Developmental intervention, learning climate and use of knowledge in elderly care
2012 (English)In: Journal of Workplace Learning, ISSN 1366-5626, Vol. 24, no 1, 19-33 p.Article in journal (Refereed) Published
Purpose – The purpose of this paper is to examine the learning climate in elderly care, its potential improvements after the “Steps for skills”, and its influence on knowledge from formal training. The assumptions were: the different activities of the Steps for skills should enhance the perceived learning climate; differences in working conditions in home help and residential homes should influence the perceived learning climate and its improvements; and changes in the perception of the learning climate should bring changes in the perceived usefulness of new knowledge.
Design/methodology/approach – The study is a case study carried out in the public elderly care in Sweden, and used a repeated measurements design. A total of 270 nursing assistants answered a questionnaire at Time I, and 174 at Time II.
Findings – Results show no improvements of the learning climate for the full sample. When contrasting the learning climate in home help services and in residential homes significant differences are found, and also a tendency for their learning climate to change in opposite directions. The perception of the learning climate seems to influence the perceived usefulness of new knowledge.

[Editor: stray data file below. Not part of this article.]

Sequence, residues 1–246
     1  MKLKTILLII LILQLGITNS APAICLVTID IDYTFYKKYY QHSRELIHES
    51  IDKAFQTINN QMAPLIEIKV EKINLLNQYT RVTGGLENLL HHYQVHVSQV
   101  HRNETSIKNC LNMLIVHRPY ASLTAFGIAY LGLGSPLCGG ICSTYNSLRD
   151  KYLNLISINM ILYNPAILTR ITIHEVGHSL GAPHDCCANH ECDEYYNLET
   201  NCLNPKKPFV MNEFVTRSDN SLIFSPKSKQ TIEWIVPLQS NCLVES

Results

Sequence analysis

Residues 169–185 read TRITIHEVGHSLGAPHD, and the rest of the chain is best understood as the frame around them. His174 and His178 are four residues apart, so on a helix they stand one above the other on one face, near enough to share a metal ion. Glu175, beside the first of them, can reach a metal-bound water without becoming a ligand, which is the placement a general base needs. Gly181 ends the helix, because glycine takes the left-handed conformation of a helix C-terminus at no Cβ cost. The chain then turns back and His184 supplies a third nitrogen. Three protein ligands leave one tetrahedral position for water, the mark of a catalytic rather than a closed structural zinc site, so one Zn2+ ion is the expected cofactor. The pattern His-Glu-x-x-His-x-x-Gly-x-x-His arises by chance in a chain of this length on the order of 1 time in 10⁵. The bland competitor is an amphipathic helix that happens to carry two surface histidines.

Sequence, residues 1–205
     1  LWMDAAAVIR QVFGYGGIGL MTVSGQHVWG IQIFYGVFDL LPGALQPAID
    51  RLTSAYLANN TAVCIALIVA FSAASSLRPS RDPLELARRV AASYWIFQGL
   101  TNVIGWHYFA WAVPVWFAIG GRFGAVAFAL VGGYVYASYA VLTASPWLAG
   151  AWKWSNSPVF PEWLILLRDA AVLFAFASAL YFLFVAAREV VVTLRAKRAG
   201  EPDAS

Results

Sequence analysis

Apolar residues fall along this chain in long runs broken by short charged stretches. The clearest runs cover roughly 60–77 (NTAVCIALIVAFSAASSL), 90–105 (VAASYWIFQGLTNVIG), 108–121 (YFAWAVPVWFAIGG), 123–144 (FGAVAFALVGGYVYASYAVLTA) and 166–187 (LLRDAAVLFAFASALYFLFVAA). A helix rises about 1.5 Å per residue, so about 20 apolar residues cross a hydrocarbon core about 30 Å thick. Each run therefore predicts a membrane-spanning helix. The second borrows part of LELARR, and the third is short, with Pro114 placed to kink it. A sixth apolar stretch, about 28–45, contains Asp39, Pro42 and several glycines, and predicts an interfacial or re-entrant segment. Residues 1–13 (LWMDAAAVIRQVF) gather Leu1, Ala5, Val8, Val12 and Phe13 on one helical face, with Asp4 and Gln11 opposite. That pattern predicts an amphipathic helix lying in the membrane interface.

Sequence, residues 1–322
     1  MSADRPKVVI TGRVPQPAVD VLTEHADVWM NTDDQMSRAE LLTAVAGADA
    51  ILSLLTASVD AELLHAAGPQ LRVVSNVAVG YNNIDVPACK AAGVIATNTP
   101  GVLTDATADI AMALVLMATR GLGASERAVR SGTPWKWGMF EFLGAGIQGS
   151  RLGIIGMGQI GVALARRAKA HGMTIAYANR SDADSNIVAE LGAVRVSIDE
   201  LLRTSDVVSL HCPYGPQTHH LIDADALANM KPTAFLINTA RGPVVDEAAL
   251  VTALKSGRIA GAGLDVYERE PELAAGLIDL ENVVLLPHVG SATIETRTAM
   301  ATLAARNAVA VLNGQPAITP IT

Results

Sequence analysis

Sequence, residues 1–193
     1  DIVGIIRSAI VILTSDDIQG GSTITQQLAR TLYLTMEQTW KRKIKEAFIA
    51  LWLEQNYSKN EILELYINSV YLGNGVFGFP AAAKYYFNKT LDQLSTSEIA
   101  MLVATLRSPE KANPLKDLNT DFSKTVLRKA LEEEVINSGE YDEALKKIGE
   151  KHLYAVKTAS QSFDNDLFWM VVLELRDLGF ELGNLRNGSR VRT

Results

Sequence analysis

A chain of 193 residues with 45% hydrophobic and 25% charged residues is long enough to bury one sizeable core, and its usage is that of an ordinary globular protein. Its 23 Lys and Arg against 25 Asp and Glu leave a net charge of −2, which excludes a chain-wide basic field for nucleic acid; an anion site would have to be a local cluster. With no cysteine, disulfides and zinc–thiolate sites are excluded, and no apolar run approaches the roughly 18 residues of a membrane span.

Research limitations/implications – The sample was from one single organization.
Practical implications – Developmental interventions should take in to consideration that context matters, and that the perceived learning climate influences the use of new knowledge.
Originality/value – In this study, a 15-items learning climate scale (LCS) is presented. Another contribution is identifying working condition failure as a potential explanation to why interventions usually do not result in expected changes.
Place, publisher, year, edition, pages
Emerald Group Publishing Limited, 2012. Vol. 24, no 1, 19-33 p.
Sweden, Elder care, Learning organizations, Carers, Developmental intervention
Research subject Psychology
IdentifiersURN: urn:nbn:se:umu:diva-50680DOI: 10.1108/13665621211191087OAI: oai:DiVA.org:umu-50680DiVA: diva2:467291